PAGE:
The 49th NHL Entry Draft was held at St. Paul, Minnesota. This is where young hockey prospects who have persisted through long practice hours, gym time, and diet changes realize their dreams when their names are announced. The draft is an important date for hockey clubs looking to inject young talent into their systems. More importantly, however, is the realization of the hard work and sacrifices these young individuals have made in their early careers.
History has shown us that not all prospects who were selected in the draft become regular NHL players. Even prospects selected in the first round are not guaranteed success in the NHL. A good example of this is Alexandre Daigle, who was drafted by the Ottawa Senators in 1993. He was a highly touted prospect possessing uncanny hockey talent. Even critics at the time compared him to Wayne Gretzky. However, Daigle never measured up to his potential in the NHL. Critics frequently criticized his lack of effort and motivation. Daigle was out of pro hockey by age 25.
Have you met people in your life that have ample talent but struggle with motivation? Back in middle school, I was never a bright student (from earlier posts, I didn’t realize my true skills until I reached post-secondary). Like Bunko, I put too much emphasis on thinking inwards and constantly exerting energy towards tasks that were not producing positive results. I was often deterred by Science and Mathematics courses, regularly delaying homework duties until the last day before the deadline. This was an ongoing issue until High School, when I realized I needed to pick up the slack and face my fears. It wasn’t an easy task, and my parents often worried my poor sleeping habits from the stress of catching up would eventually have a detrimental effect on my health.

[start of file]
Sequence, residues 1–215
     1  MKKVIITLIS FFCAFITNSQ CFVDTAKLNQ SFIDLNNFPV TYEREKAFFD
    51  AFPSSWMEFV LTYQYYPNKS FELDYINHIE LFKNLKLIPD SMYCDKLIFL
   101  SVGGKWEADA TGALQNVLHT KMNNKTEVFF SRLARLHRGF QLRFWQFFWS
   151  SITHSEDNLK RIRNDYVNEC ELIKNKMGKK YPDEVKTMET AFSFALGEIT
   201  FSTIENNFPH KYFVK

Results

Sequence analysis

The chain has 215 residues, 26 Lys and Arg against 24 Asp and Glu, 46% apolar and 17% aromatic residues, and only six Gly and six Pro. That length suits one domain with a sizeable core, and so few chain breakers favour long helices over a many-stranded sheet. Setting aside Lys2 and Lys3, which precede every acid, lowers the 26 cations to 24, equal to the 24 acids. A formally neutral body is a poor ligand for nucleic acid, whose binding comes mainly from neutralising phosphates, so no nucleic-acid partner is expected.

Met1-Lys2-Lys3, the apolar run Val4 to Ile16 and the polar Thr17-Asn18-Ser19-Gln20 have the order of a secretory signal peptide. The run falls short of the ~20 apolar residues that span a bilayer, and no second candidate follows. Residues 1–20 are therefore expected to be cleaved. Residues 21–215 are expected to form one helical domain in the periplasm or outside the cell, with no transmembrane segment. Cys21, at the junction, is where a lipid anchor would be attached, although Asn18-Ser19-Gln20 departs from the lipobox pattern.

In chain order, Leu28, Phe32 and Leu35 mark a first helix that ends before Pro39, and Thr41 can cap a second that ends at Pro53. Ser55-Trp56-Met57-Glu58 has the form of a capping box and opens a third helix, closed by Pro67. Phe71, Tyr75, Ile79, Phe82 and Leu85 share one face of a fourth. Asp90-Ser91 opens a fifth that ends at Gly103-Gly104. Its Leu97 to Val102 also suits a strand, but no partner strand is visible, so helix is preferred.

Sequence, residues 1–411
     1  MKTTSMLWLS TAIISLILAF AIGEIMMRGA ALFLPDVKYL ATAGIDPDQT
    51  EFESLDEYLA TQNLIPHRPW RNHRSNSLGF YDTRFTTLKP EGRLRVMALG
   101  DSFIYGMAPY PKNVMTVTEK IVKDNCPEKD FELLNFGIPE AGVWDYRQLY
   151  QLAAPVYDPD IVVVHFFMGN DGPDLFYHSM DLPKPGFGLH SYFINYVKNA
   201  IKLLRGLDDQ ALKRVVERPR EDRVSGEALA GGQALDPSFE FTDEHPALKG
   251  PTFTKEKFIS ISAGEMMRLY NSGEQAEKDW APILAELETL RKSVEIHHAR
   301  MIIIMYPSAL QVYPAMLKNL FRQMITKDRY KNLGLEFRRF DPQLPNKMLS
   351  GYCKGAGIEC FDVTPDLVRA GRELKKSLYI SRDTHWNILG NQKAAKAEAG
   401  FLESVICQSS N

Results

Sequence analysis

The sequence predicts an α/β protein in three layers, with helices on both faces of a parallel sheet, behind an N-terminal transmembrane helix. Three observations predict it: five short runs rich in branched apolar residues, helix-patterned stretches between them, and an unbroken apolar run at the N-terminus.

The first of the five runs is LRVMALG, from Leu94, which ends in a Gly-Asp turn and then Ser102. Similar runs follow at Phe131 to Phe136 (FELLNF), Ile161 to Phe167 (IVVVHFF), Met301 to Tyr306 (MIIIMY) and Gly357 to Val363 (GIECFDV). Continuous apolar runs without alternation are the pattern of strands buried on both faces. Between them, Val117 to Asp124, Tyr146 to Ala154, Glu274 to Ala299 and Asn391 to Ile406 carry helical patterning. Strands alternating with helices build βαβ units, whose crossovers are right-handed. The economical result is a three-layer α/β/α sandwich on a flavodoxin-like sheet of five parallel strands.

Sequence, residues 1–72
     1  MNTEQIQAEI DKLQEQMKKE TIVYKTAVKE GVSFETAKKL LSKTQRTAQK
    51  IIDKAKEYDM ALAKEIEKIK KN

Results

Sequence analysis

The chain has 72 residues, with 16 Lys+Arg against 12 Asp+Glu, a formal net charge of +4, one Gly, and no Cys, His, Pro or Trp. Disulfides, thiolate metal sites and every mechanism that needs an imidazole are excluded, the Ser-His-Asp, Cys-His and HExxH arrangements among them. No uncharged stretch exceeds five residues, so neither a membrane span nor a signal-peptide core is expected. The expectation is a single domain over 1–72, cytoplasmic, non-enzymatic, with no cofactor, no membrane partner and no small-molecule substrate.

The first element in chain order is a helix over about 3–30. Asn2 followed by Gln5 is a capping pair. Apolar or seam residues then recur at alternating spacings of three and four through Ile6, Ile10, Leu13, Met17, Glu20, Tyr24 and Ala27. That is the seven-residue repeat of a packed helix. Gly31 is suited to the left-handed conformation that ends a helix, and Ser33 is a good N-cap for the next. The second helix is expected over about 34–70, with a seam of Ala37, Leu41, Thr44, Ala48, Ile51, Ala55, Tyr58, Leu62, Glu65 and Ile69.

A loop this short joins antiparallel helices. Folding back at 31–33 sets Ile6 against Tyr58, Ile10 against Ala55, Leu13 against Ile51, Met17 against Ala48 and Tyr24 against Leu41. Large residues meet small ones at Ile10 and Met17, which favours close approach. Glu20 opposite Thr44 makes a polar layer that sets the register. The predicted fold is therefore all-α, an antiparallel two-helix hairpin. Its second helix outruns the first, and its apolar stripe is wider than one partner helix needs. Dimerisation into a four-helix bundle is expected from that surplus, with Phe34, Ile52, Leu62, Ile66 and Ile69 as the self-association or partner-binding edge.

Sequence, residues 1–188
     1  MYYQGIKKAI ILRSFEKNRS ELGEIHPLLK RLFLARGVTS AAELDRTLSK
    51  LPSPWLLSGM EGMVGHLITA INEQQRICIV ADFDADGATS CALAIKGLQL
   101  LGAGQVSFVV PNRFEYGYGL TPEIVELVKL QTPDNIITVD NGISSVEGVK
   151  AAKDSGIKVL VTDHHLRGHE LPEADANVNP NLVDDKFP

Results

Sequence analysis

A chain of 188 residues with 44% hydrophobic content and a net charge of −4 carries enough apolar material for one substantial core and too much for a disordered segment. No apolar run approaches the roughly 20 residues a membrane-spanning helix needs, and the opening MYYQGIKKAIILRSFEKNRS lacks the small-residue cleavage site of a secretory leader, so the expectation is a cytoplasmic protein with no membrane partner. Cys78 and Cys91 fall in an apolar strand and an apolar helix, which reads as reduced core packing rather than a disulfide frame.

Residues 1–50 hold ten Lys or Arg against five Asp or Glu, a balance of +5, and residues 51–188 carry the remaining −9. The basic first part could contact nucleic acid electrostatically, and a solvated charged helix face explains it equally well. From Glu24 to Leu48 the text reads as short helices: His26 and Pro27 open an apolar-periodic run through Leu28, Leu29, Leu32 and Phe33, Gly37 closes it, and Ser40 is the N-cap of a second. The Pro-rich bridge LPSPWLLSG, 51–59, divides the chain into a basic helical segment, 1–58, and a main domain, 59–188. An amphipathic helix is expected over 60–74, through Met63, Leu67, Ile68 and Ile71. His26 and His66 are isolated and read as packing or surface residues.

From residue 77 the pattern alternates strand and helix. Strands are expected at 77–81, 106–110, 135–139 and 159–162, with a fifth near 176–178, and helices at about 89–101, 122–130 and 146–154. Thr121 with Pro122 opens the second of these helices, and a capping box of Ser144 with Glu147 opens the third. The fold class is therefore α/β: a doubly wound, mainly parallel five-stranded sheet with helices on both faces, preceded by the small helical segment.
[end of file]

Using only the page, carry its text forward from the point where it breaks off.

Near the end of my senior year at Pinetree Secondary, I realized the potential to succeed with persistence. I changed my study habits, asked questions, worked with peers, listened to advice, and became more open to new opportunities. Like an athlete and musician, I turned practice into a habit. However, my persistence did not translate into success in my early years of post-secondary. My first year at SFU was a struggle. Transition to second year wasn’t better but I never gave up. I joined student clubs, became an events director, took leadership in competitions and eventually, I realized my growth and potential as a student.
Intrinsic motivation is important in triumphing talent. This means doing things not to get an external reward like money or a promotion, but because you simply like doing it. The more intrinsic motivation you have, the more likely you are to persist. The more you persist, the more likely you are to succeed. For our hockey readers here, Alexandre Burrows was never drafted and his persistence in minor league hockey has triumphed notable first round picks like Alexandre Daigle who appeared to have more potential. In the end, it’s all about persistence.
The world is littered with talented people who didn’t persist, who didn’t put in the hours, who gave up too early, who thought they could ride on talent alone. Meanwhile, people who might have less talent like Burrows eventually pass them by. Flowers don’t grow without water and sunlight. Skills don’t develop without sharpening. Likewise, our careers don’t grow without persistence.
Where are you standing today? Do you have the talent but lack motivation? Do you have lots of motivation and are you looking for ways to get your name out there? Leave us a comment below and share your experience! Don’t forget, Career Services is open to advising to all SFU students and recent alumni. If you would like to make an appointment, contact us.
Bunko Quote of the Day:
“When you’re stuck on a project, one of the best ways to achieve a breakthrough is to get some exercise.”